When Coachella Valley Unified School District Superintendent Darryl S. Adams proclaimed at the Consortium for School Networking’s 2016 opening plenary session that “we’re moving from ‘leave no child behind’ to ‘leave no child offline,’” it elicited applause and a chorus of “amen!” from the packed audience.
The sentiment echoed throughout the second day of the conference, becoming a theme. For years, officials have been struggling with how to close the digital divide — the gap in access to technology that affects students from low-income areas and makes them less competitive than their more urban and affluent peers.
Now, IT directors and school superintendents are tackling the next generation of inequity: the homework gap — as in, what happens when children from low-income families don’t have Internet access to complete their schoolwork at home?
“We’re having this conversation because education is digital,” CoSN CEO Keith R. Krueger said during Tuesday’s session, “Digital Equity Challenges: Strategies for Bridging the Home/School Connection.”
Modern Education Requires Connectivity at Home Too
Thanks to the Federal Communication Commission’s decision to focus on broadband and robust Wi-Fi in schools with a 60 percent increase in funding, Krueger predicted that every classroom will be connected to high-speed Internet in the next four years.
“But what happens when students leave school?” he asked. “There’s a homework gap and an opportunity gap.
“There are about five million families that do not have high-speed Internet at home,” Krueger continued. “Low-income families are four times more likely to lack broadband.”
While these students can get connected in other, less ideal ways, it’s just not enough, he argued. “Could you write your paper, your essay — or could you apply for college — on your smartphone?”
Why the Homework Gap Is a Community Issue
Three quarters of those who responded to CoSN’s recent infrastructure survey reported they are not doing anything to address connectivity issues outside of school, Krueger said. In addition, the 2015 Speak Up Survey found that 68 percent of teachers are reluctant to assign digital homework out of concern that their students don’t have safe and consistent Internet access at home, said Julie Evans, chief executive officer of Project Tomorrow, which conducted the survey.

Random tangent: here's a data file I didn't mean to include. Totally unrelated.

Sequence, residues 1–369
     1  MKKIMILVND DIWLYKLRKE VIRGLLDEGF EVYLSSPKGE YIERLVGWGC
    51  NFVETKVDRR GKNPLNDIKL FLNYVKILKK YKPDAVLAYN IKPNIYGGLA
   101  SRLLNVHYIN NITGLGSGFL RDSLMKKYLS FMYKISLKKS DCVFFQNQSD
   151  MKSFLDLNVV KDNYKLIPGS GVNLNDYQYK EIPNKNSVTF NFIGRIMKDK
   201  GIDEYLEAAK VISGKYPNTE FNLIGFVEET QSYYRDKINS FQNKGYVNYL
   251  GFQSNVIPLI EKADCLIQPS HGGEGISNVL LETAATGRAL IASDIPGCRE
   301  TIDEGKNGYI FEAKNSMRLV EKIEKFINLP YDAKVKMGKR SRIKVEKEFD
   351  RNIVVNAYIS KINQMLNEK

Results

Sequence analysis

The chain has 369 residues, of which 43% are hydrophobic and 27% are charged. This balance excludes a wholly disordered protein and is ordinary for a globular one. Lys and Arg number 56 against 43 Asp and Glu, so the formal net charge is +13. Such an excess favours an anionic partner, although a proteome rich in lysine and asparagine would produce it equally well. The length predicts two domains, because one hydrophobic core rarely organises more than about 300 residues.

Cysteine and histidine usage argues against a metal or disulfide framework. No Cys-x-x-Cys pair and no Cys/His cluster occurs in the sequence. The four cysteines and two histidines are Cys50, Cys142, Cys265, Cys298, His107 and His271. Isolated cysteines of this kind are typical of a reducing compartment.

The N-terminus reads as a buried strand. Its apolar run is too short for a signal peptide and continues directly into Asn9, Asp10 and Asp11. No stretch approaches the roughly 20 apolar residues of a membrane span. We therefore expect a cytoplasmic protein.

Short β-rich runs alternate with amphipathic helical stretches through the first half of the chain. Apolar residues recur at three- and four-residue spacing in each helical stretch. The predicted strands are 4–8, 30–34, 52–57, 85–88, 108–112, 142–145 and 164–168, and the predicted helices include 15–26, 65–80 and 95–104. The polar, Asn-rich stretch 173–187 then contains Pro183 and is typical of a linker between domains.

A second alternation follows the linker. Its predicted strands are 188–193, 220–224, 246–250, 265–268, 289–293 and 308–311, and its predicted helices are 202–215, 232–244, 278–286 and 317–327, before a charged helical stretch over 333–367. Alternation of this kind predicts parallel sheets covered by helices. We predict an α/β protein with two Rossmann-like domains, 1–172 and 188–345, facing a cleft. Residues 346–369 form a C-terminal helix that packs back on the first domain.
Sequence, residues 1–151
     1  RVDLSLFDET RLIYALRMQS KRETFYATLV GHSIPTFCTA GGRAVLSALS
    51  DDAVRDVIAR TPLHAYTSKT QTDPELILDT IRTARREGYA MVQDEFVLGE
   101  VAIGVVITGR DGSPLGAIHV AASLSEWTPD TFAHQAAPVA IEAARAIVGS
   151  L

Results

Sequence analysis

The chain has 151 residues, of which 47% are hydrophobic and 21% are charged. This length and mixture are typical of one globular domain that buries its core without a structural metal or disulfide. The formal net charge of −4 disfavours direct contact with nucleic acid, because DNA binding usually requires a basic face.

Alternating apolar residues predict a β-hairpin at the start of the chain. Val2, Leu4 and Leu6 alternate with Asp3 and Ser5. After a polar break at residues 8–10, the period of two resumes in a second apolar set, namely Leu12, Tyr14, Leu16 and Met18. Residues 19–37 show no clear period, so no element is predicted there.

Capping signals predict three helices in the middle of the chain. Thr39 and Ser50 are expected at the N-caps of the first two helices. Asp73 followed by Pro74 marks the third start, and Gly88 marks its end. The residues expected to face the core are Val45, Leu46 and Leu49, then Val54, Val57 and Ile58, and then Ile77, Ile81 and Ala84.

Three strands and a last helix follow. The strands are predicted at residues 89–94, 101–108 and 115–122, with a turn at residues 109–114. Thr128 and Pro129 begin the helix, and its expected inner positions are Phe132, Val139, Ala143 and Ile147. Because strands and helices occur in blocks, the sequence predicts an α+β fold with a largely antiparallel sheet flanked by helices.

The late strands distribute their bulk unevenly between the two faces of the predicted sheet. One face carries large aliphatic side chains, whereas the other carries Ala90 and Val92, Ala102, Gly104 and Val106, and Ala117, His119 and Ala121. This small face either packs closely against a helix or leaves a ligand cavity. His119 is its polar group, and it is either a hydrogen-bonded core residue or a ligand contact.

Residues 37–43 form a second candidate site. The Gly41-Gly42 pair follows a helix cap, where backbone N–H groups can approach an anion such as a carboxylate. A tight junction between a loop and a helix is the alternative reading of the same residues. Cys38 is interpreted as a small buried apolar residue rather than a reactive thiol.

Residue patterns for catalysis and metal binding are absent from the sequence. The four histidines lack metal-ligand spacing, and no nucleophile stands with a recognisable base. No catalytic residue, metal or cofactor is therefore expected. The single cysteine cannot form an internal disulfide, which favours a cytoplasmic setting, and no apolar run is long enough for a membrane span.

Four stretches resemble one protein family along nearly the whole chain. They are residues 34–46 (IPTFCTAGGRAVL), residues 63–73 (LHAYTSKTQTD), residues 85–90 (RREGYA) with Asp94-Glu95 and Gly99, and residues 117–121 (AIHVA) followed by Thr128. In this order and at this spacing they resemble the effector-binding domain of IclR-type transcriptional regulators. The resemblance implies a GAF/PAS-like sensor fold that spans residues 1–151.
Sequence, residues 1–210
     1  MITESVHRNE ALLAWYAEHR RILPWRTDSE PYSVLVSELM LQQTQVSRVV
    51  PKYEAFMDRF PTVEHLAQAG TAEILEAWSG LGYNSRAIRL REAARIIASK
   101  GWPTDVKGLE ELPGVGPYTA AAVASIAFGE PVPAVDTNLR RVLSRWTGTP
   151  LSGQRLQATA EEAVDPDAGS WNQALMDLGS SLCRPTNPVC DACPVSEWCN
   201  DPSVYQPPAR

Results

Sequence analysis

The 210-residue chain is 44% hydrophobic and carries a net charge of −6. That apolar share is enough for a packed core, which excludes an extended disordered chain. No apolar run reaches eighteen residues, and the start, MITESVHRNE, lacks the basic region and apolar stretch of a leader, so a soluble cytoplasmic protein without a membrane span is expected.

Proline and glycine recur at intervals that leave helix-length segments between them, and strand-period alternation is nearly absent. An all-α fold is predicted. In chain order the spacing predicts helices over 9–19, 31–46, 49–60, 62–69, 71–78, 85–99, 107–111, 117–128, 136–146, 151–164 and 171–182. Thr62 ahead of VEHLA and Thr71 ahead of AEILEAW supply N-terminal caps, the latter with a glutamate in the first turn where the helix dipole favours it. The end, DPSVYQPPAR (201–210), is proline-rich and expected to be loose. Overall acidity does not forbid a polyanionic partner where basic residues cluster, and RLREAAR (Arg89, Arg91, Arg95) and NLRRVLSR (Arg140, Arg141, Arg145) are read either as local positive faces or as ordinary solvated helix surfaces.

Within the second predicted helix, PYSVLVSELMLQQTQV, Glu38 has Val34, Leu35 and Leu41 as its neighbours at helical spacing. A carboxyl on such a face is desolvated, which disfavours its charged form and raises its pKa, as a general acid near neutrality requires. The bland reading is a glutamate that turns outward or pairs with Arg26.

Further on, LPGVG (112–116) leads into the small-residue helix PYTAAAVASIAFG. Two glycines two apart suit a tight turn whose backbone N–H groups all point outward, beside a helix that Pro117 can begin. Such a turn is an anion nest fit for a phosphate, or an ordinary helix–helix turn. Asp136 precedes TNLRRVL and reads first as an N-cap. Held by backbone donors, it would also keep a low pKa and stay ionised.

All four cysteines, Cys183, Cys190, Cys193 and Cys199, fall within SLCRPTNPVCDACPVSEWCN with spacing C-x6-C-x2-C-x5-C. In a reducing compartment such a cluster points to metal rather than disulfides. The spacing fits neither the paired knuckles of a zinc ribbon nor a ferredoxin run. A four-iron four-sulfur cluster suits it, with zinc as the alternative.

“When we started to ask about digital equity, administrators said this is a top challenge today,” she said.
To combat this issue, schools can work with businesses, philanthropic or nonprofit community programs and economic development officials to address connectivity issues in surrounding neighborhoods, Krueger said.
“We think this isn’t an issue for schools alone to solve,” he said. “This is at the heart of whether your city or community is competitive.”
Workarounds for students include coming in early or staying late to use the school’s Internet, using the public library’s Wi-Fi access or going online to do homework at fast-food restaurants or cafes that offer free Wi-Fi access.
Other schools encourage students to download their web-based assignments onto USB sticks at school so they can do them at home without needing access, Evans said.
Dereck Rhoads, chief instructional services officer at Beaufort County School District in Beaufort, S.C., said the homework gap might be solved if it’s thought of as a community problem, rather than a school issue.
“We have connectivity in our schools,” Rhoads said. “We’re trying to have connectivity in our communities. We see it as a human rights issue.”
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